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Saint-Saens - Symphony No. 3 in C Minor ("Organ Symphony")

Written by Jeff Counts

THE COMPOSER - CAMILLE SAINT-SAËNS (1835-1921) – 1886 was a bittersweet year for Saint-Saëns. He would complete a commission from the Royal Philharmonic Society and create his most popular orchestral piece and one of the most often performed of any composer’s symphonies. Sadly, however, Symphony No. 3 would also commemorate a personal loss for Saint-Saëns. He would dedicate it to the memory of his dear friend and most sincere supporter, the great Franz Liszt, who died that summer.    

THE MUSIC – History has bestowed upon Saint-Saëns the reputation of a curmudgeonly musical conservative. Fair or not, he certainly was a man of strong opinions. After being an early devotee of Wagner, Saint-Saëns’ opinion of him cooled significantly in later years. This was pure blasphemy in 1880s Germany and it earned him some brutal reviews during a tour there. He also had little use for the music of fellow Frenchman Claude Debussy and famously (if apocryphally) walked out of the premiere of Stravinsky’s Rite of Spring after only a few measures. It would be easy to imagine innovation impossible in such a man but, in truth, the Organ Symphony contains a few notable non-traditional features. In addition to the uncommon inclusion of the organ itself, Saint-Saëns innovatively re-cast the conventional four-movement structure into two larger parts with the organ color figuring prominently only in second half of each. He also took the Lisztian technique of thematic transformation to its symphonic extreme, building much of the piece’s melodic content from a few simple opening ideas. There is little doubt that Saint-Saëns valued form above all else, but even when refusing to “sacrifice form to expression” (a fault he found in many others), he left us with a stunning example of how to look both backward and forward simultaneously with brilliance and inventiveness.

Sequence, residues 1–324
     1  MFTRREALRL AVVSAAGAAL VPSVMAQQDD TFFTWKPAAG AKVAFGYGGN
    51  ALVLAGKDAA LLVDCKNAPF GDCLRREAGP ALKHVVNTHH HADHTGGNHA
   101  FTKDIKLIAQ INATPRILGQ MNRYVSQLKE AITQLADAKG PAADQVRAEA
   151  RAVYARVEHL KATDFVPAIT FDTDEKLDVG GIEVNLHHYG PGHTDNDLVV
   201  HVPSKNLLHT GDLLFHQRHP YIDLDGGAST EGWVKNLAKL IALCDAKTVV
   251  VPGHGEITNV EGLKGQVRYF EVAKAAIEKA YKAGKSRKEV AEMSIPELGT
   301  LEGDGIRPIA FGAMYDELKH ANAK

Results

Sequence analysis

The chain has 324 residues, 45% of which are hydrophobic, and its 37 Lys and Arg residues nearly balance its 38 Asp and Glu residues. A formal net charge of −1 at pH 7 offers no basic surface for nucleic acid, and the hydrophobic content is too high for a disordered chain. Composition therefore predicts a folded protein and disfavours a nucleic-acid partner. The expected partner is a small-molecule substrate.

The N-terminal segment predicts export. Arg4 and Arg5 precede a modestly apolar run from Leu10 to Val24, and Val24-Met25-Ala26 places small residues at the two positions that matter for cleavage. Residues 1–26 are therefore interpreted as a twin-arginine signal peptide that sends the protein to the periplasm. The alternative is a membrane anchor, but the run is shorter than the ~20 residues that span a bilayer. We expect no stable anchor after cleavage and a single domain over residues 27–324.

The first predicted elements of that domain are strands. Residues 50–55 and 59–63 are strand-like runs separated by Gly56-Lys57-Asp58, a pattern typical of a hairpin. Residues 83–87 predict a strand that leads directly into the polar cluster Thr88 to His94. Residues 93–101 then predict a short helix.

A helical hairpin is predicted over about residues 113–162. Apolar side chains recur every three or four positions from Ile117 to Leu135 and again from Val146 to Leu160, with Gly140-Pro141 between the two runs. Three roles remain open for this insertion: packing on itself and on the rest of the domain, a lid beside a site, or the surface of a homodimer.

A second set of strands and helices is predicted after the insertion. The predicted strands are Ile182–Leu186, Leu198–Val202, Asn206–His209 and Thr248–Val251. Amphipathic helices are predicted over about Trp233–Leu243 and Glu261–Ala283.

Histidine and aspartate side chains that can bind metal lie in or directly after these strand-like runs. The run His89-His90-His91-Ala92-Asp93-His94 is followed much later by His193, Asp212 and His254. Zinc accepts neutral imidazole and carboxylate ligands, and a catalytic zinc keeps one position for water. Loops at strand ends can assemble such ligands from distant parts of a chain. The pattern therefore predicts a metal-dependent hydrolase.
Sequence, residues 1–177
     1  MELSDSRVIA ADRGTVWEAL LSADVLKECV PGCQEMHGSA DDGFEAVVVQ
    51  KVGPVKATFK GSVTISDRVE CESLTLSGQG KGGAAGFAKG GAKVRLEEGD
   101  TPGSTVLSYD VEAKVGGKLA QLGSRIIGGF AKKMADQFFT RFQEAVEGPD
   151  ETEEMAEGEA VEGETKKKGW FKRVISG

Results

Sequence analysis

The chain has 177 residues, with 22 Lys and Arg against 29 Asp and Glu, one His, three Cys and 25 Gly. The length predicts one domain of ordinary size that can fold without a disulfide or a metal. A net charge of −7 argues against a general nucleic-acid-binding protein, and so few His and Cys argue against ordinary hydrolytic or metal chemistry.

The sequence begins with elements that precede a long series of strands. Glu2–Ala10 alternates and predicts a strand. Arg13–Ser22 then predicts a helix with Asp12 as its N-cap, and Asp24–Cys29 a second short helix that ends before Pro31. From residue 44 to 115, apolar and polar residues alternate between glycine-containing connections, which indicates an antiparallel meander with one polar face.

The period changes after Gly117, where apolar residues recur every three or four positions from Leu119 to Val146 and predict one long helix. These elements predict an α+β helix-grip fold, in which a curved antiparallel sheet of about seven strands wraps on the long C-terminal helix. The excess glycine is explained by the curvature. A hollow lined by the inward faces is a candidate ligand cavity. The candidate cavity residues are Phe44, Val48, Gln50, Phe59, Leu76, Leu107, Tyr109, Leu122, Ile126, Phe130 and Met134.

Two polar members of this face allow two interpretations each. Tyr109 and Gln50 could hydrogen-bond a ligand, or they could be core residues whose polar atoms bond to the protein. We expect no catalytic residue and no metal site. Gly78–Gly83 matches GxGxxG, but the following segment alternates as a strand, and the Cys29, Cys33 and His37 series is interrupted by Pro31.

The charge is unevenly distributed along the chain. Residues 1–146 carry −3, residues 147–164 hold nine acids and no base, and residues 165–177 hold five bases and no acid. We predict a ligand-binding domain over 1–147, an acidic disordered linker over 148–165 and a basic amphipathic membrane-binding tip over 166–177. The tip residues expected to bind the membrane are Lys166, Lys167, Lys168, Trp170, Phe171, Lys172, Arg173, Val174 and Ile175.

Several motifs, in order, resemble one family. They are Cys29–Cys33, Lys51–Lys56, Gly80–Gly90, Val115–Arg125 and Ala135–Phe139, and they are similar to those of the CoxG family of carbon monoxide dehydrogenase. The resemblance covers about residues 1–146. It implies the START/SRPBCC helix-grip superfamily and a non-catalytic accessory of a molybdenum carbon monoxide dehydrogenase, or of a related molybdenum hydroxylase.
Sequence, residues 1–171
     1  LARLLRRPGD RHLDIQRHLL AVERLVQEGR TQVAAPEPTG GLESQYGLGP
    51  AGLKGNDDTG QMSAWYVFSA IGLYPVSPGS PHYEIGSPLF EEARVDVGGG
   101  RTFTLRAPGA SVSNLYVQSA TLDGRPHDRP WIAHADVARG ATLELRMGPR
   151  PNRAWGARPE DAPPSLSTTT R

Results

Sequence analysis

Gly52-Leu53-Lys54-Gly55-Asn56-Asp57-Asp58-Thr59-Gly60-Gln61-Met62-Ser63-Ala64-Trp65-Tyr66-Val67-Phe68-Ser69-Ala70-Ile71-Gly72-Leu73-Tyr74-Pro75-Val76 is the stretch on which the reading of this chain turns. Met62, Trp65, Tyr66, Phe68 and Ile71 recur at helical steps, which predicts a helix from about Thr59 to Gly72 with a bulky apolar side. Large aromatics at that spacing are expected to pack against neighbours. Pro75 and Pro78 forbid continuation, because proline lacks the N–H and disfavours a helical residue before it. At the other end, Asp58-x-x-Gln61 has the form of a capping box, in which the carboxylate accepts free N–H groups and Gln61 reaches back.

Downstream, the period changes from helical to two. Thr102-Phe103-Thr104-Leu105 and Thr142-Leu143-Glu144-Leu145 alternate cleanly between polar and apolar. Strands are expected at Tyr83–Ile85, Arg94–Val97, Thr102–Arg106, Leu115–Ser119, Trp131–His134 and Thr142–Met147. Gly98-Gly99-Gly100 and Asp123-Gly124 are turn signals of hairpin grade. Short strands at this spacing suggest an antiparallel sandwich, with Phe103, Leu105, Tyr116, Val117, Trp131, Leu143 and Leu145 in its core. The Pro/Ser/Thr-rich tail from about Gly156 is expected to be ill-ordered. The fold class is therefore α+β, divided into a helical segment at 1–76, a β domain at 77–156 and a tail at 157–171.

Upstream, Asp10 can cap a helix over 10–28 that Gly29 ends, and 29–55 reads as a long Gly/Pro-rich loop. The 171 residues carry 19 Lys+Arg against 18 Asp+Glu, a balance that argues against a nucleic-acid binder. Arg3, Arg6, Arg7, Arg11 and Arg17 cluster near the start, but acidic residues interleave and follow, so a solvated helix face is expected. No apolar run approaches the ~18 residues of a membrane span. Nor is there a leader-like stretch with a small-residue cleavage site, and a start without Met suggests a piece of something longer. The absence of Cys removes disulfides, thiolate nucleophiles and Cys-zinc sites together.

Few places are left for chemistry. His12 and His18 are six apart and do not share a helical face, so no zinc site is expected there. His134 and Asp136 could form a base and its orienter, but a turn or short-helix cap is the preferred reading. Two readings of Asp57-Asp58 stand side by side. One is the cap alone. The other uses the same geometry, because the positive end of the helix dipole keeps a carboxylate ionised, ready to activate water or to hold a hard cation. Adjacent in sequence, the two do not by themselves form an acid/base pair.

THE WORLD – 1886 was the year of the surrender of Geronimo, the first gasoline-burning automobile in Germany, the dedication of Statue of Liberty, the development of Coca-Cola and the first official celebration of Groundhog Day.

THE CONNECTION – Saint-Saëns’ Organ Symphony has been programmed numerous times by the Utah Symphony in both Abravanel Hall and the Mormon Tabernacle. The most recent performance was in 2005 under Maestro Jean-Claude Casadesus.

by Jeff Counts